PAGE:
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The Kansas-Nebraska Crisis grew out of the Missouri Compromise of 1820. According to the Missouri Compromise, the admission of new states into the Union would be staggered, so that the number of free states and slave states would be the same, giving neither the numerical advantage. In 1854, a similar situation arose. In discussions to build a transcontinental railroad, the question of the route the railroad would take took on great importance. It was believed that if the track was laid through Southern states and territories, the building of the railroad would aid the spread of slavery to the West. To counter this, Stephen Douglas, an Illinois senator, proposed that the railroad be built along a Northern route. This debate ultimately resulted in the Kansas-Nebraska Act of 1854, which stipulated a third route through newly-formed territories: Kansas and Nebraska.
With this solution, the question of whether these territories would be slave territories or free territories became a serious issue. If both were made slave territories, the North would object, while the South would take issue if both territories were admitted as free territories. In the Kansas-Nebraska Act, Douglas proposed that popular sovereignty be exercised. Prevailing practice in the given territories would determine whether they would be slave territories or free territories. The main problem with this is that the Missouri Compromise prohibited slavery above the 36 30' line, and the Kansas-Nebraska Act negated this, leaving the choice up to the population rather than the government. The Southern Democrats and Whigs quickly passed the act, while the Northerners were greatly angered by it, fearing the spread of slavery into the North. To force the issue, thousands of Missourians flocked into Kansas in the hope of making it a slave territory, while abolitionists moved to counter this.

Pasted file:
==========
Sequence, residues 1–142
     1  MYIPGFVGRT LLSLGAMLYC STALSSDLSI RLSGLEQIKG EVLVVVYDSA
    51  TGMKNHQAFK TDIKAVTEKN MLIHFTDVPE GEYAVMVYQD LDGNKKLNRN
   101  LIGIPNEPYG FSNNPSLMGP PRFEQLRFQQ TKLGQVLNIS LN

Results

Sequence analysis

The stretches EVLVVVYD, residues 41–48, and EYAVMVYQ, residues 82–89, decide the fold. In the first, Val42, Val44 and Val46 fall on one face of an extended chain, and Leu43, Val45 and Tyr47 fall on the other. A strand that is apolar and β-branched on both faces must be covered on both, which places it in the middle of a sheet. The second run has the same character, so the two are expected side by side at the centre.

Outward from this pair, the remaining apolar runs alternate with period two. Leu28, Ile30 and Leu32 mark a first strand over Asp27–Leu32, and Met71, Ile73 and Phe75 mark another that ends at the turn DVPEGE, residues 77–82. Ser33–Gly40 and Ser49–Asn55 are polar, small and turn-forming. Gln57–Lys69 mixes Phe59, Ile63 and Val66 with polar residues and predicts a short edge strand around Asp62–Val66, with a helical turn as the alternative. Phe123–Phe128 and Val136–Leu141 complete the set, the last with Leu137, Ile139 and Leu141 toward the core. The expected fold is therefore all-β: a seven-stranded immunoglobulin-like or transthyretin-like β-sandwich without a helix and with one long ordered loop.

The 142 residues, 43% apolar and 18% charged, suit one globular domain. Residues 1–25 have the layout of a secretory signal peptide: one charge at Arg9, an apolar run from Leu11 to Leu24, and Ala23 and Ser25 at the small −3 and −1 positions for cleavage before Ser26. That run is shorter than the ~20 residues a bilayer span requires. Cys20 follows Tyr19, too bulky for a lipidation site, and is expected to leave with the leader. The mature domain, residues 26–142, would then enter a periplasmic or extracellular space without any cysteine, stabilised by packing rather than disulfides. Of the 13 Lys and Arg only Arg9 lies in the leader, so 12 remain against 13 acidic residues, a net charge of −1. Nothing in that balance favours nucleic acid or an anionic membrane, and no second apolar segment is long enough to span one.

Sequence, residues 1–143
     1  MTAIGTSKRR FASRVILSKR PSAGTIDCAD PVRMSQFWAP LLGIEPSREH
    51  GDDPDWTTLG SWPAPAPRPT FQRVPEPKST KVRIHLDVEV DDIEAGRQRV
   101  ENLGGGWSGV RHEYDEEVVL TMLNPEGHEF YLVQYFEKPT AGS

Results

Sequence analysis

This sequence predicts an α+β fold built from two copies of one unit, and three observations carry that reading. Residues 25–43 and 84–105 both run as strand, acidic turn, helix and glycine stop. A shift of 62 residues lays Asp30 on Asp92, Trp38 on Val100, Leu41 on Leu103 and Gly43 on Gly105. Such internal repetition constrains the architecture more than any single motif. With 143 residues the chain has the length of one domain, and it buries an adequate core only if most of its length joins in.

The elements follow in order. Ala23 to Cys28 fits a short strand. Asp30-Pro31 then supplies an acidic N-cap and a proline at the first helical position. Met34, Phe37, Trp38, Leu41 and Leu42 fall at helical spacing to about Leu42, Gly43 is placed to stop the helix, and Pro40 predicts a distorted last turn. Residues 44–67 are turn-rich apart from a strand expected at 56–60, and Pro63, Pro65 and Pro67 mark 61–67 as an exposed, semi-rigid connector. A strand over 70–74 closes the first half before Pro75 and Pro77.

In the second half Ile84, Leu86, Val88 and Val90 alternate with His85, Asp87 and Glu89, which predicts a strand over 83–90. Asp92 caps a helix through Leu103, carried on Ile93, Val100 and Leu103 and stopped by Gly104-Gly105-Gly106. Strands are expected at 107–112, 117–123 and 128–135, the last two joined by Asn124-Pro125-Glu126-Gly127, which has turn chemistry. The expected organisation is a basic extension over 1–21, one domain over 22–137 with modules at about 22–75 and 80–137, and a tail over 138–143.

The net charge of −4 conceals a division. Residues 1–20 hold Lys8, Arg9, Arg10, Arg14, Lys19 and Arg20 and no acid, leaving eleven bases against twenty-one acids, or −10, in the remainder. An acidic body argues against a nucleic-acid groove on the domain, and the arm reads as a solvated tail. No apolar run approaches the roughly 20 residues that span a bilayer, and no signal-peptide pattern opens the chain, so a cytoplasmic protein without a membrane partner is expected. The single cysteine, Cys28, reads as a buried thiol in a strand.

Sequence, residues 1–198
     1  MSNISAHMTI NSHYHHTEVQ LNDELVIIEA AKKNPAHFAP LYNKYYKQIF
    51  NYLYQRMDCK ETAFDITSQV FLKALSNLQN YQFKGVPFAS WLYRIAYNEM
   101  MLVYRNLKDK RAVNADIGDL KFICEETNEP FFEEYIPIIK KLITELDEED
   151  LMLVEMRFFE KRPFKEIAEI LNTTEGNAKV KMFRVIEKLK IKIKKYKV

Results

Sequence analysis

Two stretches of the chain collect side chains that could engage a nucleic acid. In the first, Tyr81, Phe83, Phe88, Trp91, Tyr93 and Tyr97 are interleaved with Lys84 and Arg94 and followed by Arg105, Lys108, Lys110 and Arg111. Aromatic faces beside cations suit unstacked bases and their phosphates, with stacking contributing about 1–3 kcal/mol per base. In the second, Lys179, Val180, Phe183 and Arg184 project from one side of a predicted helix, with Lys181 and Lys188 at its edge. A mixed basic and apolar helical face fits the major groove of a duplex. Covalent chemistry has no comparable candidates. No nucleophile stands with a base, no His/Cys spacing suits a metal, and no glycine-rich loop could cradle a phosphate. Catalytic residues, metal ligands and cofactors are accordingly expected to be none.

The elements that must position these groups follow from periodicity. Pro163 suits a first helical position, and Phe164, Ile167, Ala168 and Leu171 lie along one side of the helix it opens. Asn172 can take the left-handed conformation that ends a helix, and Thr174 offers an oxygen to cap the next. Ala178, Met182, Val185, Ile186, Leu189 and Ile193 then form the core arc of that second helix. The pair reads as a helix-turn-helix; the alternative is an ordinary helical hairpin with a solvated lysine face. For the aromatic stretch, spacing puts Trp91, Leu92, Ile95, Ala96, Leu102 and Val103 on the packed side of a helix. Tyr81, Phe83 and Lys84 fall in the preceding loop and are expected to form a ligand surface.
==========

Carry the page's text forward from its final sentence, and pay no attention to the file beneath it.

The two populations in Kansas could not agree on a territorial government. After the two sides could not agree on a joint state constitution, the proslavery contingent in Lecompton, Kansas drafted a constitution and submitted it for ratification. Millard Fillmore accepted the constitution and welcomed Kansas into the Union as a slave state. Ultimately, this episode brought the Sectional Crisis to the brink of Civil War, which broke out only four years later.
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